Opinion |

In Israel, There's No Left. There's Only a Right in Different Forms

The sad and unbelievable joke about the break-up of the Zionist Union faction: Israel fancies this a rift on the left

Gideon Levy
Gideon Levy
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Labor chief Avi Gabbay and Hatnuah leader Tzipi Livni.
Labor chief Avi Gabbay and Hatnuah leader Tzipi Livni.Credit: Emil Salman
Gideon Levy
Gideon Levy

Two days ago, there was another rift in the Israeli right: The Zionist Union faction split apart. The two main right-wingers, Tzipi Livni and Avi Gabbay, Likud traitors both, dissolved their partnership.

The sad and unbelievable joke: Israel fancies this a rift on the left; as if there are seriously two camps in Israel, left and right, locked in fierce battle over the face of the nation. There is no left, not even half a left. There is only a right, in different forms.

What is going on in our political system ahead of the upcoming election can be described like this: Right A versus Right B, a split in Right C, a possible merger in Right D, and a new glimmer of hope in Right E.

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Meretz and the Joint List, the only Israeli left there is, one small and fading and the other ostracized and excluded, and both without any influence, look on from the other side of the fence. And still people say that Israel is “polarized,” that we’re this close to civil war breaking out. It’s hard to think of anything more ridiculous.

Most leaders of Israeli political parties are former Likudniks: Livni, Gabbay, Avigdor Lieberman, Ayelet Shaked, Naftali Bennett, Moshe Ya’alon and Moshe Kahlon. Orli Levi-Abekasis also grew up in a Likud household. Right, center, supposed left – they all came out of the Likud. And that’s no surprise – the right was their home and it remains their home.

This is the Likud’s real victory since the 1977 upheaval – its amazing takeover of the entire map, the way it continues to spread its tentacles in every direction.

And by its side, of course, you find the settlers and the Haredim who became a nationalist right, and then you have Yair Lapid and Benny Gantz, who are also nationalist right – one has already proved himself to be so and the other will soon do the same; both are imposters. Lapid and Gantz enable the racists of Ramat Hasharon and the like to stick to their nationalism while feeling themselves to be enlightened; to vote for the positions of Habayit Hayehudi wrapped in shiny cellophane.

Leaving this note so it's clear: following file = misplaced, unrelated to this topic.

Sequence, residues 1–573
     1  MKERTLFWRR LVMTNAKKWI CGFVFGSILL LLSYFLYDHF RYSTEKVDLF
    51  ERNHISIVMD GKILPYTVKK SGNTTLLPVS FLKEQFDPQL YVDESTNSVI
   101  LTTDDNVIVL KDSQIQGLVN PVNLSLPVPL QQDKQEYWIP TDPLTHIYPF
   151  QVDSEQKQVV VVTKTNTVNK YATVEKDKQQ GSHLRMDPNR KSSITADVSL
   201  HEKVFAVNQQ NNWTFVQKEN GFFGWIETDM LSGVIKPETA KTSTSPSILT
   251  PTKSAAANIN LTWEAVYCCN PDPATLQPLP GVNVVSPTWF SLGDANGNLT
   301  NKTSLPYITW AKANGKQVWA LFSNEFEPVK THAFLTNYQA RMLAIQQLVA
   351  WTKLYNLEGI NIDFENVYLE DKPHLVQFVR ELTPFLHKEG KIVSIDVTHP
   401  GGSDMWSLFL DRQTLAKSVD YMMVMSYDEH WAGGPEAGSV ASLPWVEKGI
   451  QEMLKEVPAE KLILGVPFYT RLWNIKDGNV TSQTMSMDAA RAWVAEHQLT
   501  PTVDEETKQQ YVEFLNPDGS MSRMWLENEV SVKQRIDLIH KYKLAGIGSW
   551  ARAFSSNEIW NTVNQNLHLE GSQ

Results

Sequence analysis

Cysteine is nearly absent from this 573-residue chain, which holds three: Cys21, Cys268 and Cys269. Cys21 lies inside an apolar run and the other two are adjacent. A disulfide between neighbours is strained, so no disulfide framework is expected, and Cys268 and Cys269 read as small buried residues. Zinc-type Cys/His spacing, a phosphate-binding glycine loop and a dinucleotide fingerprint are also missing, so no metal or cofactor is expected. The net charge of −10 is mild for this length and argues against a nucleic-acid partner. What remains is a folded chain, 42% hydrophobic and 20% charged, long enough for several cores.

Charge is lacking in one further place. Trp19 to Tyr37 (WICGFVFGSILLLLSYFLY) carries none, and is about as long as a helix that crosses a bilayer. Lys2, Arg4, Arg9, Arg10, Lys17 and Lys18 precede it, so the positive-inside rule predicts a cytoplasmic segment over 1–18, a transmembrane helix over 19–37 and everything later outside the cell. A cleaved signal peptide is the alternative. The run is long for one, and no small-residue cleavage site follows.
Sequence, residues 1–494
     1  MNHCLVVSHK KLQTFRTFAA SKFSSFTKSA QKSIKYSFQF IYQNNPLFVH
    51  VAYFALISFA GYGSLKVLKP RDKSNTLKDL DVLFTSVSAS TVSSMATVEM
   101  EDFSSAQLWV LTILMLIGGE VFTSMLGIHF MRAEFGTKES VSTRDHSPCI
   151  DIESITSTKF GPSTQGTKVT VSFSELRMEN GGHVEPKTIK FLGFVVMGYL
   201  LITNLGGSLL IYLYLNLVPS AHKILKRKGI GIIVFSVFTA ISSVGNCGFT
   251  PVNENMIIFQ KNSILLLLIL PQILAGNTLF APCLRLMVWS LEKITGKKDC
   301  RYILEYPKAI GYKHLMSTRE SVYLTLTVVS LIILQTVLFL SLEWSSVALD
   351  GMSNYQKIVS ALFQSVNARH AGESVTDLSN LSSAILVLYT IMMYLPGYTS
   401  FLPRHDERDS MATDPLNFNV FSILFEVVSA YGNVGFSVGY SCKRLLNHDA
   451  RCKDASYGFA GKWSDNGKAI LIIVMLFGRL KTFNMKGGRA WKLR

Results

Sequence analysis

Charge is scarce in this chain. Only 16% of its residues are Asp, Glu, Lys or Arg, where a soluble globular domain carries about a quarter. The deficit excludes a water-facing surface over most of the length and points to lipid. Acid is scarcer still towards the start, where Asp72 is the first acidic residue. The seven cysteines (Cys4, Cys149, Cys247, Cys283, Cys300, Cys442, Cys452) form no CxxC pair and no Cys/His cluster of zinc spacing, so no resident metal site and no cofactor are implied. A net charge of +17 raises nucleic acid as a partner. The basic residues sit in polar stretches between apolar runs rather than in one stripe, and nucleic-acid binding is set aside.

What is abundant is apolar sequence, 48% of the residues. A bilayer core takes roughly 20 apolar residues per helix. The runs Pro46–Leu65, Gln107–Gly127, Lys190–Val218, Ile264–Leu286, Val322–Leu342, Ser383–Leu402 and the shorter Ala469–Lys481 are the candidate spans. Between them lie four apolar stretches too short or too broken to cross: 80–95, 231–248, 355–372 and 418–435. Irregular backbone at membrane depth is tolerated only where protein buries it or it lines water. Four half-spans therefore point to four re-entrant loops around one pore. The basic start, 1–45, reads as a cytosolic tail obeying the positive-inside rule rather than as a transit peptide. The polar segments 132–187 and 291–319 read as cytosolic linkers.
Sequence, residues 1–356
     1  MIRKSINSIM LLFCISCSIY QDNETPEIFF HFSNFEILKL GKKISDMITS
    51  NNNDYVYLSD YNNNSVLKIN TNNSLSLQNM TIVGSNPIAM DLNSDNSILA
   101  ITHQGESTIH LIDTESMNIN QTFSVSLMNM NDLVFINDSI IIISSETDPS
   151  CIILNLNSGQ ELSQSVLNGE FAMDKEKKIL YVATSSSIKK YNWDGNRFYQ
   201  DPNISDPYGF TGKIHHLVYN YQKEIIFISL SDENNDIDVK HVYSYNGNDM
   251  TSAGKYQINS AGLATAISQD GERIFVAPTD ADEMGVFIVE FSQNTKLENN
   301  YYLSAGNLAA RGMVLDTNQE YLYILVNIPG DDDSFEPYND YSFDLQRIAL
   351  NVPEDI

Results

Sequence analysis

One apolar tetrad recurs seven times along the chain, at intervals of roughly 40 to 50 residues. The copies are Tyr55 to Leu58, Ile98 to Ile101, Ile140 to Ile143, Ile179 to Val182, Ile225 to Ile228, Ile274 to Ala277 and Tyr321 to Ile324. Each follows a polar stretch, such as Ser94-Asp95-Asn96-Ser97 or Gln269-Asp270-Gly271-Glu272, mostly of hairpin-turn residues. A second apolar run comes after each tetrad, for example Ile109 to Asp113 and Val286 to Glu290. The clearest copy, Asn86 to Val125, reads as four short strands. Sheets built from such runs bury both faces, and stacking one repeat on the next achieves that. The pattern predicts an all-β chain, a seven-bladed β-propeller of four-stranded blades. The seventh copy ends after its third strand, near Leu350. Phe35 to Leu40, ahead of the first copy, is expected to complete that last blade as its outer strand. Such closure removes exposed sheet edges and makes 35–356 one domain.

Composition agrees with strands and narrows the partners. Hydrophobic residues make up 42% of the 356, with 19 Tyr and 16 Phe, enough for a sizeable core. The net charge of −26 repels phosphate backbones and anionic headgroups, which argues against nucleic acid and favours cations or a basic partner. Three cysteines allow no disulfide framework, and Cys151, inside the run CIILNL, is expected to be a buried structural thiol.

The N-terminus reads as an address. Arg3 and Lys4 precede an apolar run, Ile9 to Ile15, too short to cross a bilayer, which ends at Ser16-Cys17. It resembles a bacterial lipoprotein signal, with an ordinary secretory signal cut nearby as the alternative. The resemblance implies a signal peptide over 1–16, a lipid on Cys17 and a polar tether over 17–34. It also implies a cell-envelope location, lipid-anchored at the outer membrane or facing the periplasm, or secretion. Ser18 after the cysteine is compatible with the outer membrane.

And to think that all of them could have just been in the Likud. One party for Israel. A one-party regime, like in Cuba, Iran and North Korea, but voluntarily, out of choice. The image of the “only democracy” is false not just because of the apartheid; there is no genuine multiparty system among the privileged Jews either. Parties run toward the same goal under different names. They all believe in the same thing. A Red Army Chorus.

Who opposed the nation-state bill, the watershed moment of the last Knesset? Livni’s Kadima sponsored it back in the 18th Knesset, Gabbay made noises about canceling it, Lapid said he supported “the nation-state bill of the Jewish people” only in another formula, and all the rest supported it. Differences? None to speak of. And all the more so regarding the occupation.

All of the parties, except for two, say practically the same thing, think exactly the same thing and act in the same way to perpetuate it. When it comes down to it, after all the verbal contortions, after all the pretty words and not so pretty words, they are all in favor of its continuation. Very much in favor.

The same 50 shades of right exist both inside and outside the Likud. So why the big masquerade ball? If Israeli politics were genuine, they’d all have to compete in the Likud primary, which would be the Israeli election. Lapid doesn’t fit the Likud? How? With his racism? His laughable militarism? Gabbay? Livni? Levy-Abekasis? Shaked? Ya’alon? Gantz, too, commander of Operation Protective Edge, will also feel more at home in Likud than in Meretz.

In the face of all this, no one stands up to shout that the emperor has no clothes. Our politics are disabled. It is missing a vital organ. It has no left. No one has the boldness to propose something else. Even if it looks hopeless – and it could end in temporary political suicide – in the long term there is no other way for those who purport to be the opposition and the alternative. Meanwhile we have only spineless imposters. If it’s the right that people want, then why not stick with the original?

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